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  • Cory Morrison

How to grow industrial hemp well in various climates and conditions?


Introduction


Do you want to farm hemp to make a difference in a world where natural products aren't used as often as they should be used? It is easy to do just as long as you consider some factors. What is the soil like? Is my area getting too much or too little rain? Do I have good lighting and enough room indoors?


General soil conditions


One of the first things to consider when you grow hemp is what is the soil like?


Hemp grows best when the PH is over 6.0 in acidity. Between 7.0 to 7.5 is the most preferred range for growing. Too much or too little acid can prevent proper growth.


Another factor to consider is how much clay is in the soil. Too much clay can mean a lower produced yield of fibre or grain. In addition, hemp does not respond well to soil compaction, which means particles will be too close to each other to allow substantial growth, and clay soils are vulnerable to soil compaction.


Wet compacted soil
(Photo credit: The Ian/Unsplash)

Too much water is also a big deal because of social compaction. Uneven and low-quality hemp is the result you'll get when it's too moist. The more even and richer hemp is, the better it can free people from disease.


Growing hemp outdoors


Rainfall


Something to keep in mind when you plant hemp outdoors is that the planting rate is 400,000 per acre or about 100 plants per square meter. This is so you can effectively organize your hemp over vast distances.


We talked about how too much rain can mean compacted soil. So, what is the ideal amount of rain for superior hemp growing? A good amount of rain in a growing season is 300 to 400 millimetres or 10 to 13 inches. Indeed, deviations in average amounts of rain can impact the environment and disease more than many realize.


What should I do when the soil is too dry? You should pay attention to how often you control weeds and moisturize soil to minimize surface evaporation.


Temperature


Are Cuba or Jamaica good places to grow hemp? It's never winter down there, right? The answer might be different from what you expect, but no, these aren't particularly good places to grow hemp. First off, daytime highs between 25°C (77°F) and 28°C (83°F) are most effective for growing hemp. As we know, a good portion of the year has highs above 28°C in the Caribbean. Secondly, these areas have low temperature spreads from day to night.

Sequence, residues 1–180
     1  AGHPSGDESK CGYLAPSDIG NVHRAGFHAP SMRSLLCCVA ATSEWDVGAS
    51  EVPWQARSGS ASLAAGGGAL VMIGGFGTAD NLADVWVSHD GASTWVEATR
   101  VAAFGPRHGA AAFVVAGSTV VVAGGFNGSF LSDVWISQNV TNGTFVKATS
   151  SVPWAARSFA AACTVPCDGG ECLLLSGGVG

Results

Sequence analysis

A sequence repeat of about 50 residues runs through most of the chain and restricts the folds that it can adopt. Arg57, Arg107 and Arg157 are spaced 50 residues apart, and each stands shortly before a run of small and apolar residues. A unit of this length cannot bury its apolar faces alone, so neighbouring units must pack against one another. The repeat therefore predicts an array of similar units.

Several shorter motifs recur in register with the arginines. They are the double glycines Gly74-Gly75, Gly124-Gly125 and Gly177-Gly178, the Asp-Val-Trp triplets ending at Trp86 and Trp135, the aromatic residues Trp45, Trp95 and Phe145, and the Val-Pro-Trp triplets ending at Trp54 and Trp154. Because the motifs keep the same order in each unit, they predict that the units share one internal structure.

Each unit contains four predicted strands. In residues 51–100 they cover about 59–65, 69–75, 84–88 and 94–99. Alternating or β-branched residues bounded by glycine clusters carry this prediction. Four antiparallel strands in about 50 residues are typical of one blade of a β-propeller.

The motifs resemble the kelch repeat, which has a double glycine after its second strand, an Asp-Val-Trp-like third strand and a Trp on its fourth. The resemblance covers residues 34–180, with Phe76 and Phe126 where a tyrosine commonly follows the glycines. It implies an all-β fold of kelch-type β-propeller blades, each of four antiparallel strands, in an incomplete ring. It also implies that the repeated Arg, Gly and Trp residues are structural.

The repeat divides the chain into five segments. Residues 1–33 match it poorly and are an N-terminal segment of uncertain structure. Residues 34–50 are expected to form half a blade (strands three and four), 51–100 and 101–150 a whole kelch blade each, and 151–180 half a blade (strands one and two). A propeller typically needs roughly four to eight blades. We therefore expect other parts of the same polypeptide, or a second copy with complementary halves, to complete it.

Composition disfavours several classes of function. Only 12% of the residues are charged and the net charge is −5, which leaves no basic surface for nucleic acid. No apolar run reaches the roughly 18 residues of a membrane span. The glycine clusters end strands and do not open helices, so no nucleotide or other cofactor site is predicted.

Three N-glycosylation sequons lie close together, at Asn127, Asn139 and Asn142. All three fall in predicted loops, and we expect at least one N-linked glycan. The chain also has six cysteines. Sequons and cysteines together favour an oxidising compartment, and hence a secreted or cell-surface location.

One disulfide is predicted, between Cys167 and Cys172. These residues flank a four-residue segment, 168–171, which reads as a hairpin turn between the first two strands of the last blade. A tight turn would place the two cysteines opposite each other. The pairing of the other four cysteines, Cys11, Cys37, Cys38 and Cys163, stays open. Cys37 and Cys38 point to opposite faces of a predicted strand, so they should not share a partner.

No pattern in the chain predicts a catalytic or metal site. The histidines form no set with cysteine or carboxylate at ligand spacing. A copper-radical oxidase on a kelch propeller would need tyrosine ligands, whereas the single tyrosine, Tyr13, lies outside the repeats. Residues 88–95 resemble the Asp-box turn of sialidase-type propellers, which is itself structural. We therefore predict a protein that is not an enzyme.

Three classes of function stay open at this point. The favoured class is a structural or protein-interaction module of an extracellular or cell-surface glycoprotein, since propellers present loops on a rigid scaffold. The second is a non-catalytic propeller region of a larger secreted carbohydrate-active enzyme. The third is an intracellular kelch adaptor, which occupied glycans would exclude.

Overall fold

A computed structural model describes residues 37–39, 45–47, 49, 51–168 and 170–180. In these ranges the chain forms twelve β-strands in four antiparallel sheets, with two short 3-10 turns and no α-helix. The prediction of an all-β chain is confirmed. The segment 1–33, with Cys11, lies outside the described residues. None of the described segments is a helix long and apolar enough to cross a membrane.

Most of the Southern U.S. for much of the year and Canada during the warmer season months are better places to grow hemp because there are larger daily temperature spreads while also frequently seeing highs between 25°C and 28°C. See Havana, Atlanta and Toronto climate normals for examples.


Growing hemp indoors


Artificial lighting is crucial for indoor hemp growing because it’s easier to keep track of how well plants and flowers grow in the environment.


Growing hemp indoors
(Photo credit: Alex Diaz/Unsplash)

It is essential to consider all planting stages, which include germination, seedling, vegetative and flowering. In addition, pay close attention to air circulation, humidity, light temperature and water to see if conditions are well-suited for growth.


Also, appropriate indoor growing temperatures can range from 16°C (60°F) to 27°C (80°F), and indoor humidity should vary from 40 to 70%. However, it may also depend on what stage the growing is in. Regardless, the light should almost always be on, and there should not be too much water.


How to know whether to plant hemp outdoors or indoors


Infographic credit: Cory Morrison/Canurta


In addition, questions you could ask yourself when deciding whether to grow hemp outside or inside are, "Does it matter more that I get a lot of hemp produced? Or are a few high-quality hemp more important?" Are ideal growing conditions possible in my house or workplace?", "What's the weather forecast this week?" or "Are there enough employees in the greenhouse to frequently inspect hemp?"


Real-life example of hemp troubles


Since more than 75% of the Western U.S. is presently seeing drought conditions, little rain has meant that producers have intense difficulty growing hemp.

Drought low soil moisture
(Photo credit: Wolfgang Hasselmann/Unsplash)

The drought has also led to market and price issues. Numerous hemp growers do not only have limited acreage for growing hemp because of less-than-ideal soil conditions but looking for places to grow hemp has also been harder.


Conclusion


Growing hemp can be as easy as mowing a lawn or as challenging as making recreational plans on a rainy week, depending on how ideal indoor and outdoor conditions are for growing hemp. Your area's general climate is also an essential factor.


References


Carolinabis. Indoor Hemp Yield- Growing Hemp Indoor vs. Outdoor


Climate-Data.org. Climate Havana (Cuba)


Climate CoLab. Growing Hemp


Environment Canada. Canadian Climate Normals 1981-2010 Station Data. Toronto Lester B. Pearson Intl’l A * Ontario


Gardeners Supply Company. Growing Hemp 101 A Beginner’s Basic Guide to Growing Hemp Indoors


GGS Structures Inc. Outdoor VS. Greenhouse Hemp Production: Which is Best?


Hemp Technologies Global. Page 83.


National Oceanic & Atmospheric Administration. Summary of Monthly Normals 1991-2020. Atlanta Hartsfield Intl AP, GA US USW00013874


Ontario Ministry of Agriculture, Food and Rural Affairs. Growing Industrial Hemp in Ontario


Oregon State University. Planning a Drought Resilient Hemp Crop


Successful Farming. 10 Common Questions About Hemp Farming


Successful Farming. What Farmers Need to Know About Growing Hemp


U.S. Drought Monitor


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